Mindfulness activities have particularly positive effects on burnout and are a sustainable way of preventing burnout and incorporating a self-care routine. Meditation, mindful movement, and walking meditation do not require any props or extra preparation. What’s more, they can be done anywhere. If you’re new to meditation, try downloading a free app to facilitate the process.

Try New Things

An immense field, bodywork offers numerous professional opportunities that only require a few continuing education hours or workshops. If your practice starts to feel less fulfilling, consider looking into an adjunct endeavor.

After years of practicing Swedish massage, for example, you might be interested in incorporating a therapeutic rock treatment. Or perhaps circumstances in your personal life are drawing you toward mindfulness-based approaches or energy work, such as Jin Shin Do and reiki. If your office setting allows for it, you might consider purchasing a spa tub and offering some types of hydrotherapy.

Acquiring new skills can breathe new life into your massage therapy practice, attract and help you retain clients, and introduce you to different bodywork modalities. Your new approach might allow you to be more creative and attentive to your own needs, and you can feel good about having taken the time for discovery and self-improvement.

Switch Up Your Marketing Strategy

By marketing differently you can reach new audiences, learn new skills, and boost your practice in a way that fits you better. Advertise your services in a local gym, for instance, and brush up on what you know about sports massage to attract a new type of clientele. Alternatively, connect with your local hospice organization to offer your services. Even if your involvement is strictly voluntary, you might make connections that result in more clients.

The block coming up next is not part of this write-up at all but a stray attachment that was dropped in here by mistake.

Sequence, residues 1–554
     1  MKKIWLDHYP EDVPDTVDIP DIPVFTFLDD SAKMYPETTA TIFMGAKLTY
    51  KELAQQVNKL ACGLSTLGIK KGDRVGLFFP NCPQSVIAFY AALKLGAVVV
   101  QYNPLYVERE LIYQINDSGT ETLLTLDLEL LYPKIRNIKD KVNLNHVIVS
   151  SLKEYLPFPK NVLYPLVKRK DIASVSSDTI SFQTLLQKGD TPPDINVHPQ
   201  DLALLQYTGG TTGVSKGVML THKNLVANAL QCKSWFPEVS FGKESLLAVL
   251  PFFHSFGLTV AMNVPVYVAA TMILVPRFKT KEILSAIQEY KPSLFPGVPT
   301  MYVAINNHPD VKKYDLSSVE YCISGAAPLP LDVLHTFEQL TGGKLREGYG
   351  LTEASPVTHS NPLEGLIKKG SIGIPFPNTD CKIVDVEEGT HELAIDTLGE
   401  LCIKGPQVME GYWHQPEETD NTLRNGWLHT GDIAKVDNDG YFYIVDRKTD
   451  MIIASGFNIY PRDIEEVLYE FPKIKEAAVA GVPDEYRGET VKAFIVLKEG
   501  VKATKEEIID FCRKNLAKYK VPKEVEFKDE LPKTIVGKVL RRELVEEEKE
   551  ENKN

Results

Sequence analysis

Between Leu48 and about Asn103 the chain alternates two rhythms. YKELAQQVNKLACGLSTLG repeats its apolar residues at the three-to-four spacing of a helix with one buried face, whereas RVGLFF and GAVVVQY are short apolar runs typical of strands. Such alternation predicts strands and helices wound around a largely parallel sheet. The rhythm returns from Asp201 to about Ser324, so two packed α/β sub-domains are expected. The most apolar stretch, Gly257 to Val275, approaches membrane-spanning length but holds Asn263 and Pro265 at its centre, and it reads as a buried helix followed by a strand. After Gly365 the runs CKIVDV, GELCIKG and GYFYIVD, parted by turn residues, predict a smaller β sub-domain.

You might also consider branching out in marketing through new types of social media. While unlikely to become your go-to strategy, image-based platforms like Instagram and Pinterest create a unique branding opportunity. Invest a bit of time into researching these avenues, following bodywork and health accounts, and posting some images of your office space, for starters.

Seek Your Own Therapy

Massage therapists are always advised to receive massage regularly, both to experience others’ techniques and for the same benefits their clients receive: lowered stress and anxiety, reduced muscle tension and fatigue, and increased serotonin and dopamine levels (to help counteract depression). Of all people, massage therapists know the many ways bodywork can improve multiple aspects of life, and they are uniquely positioned to receive various types of bodywork because of professional connections.

If you’re experiencing burnout in your business, emotional state, physical well-being, or mental health, you can begin addressing these areas by receiving massage treatment. In many cases, caregiver burnout or compassion fatigue should also be regarded as a serious issue worth addressing with a mental health professional.

Avoid the temptation to immediately dismiss burnout as a phase you will naturally work through. Though this may be the case, feelings associated with burnout may also be deeply seated in grief, trauma, or depression. Either way, consulting with a psychotherapist can help you identify the roots of those emotions and a path for moving forward.

Health care providers are particularly susceptible to caregiver burnout because of the extraordinary amount of time and attention they put into meeting others’ needs and a tendency to neglect their own. But burnout is not a death sentence for your career or livelihood. Once you pay attention to the exhaustion you are feeling, you can address it and begin moving past it.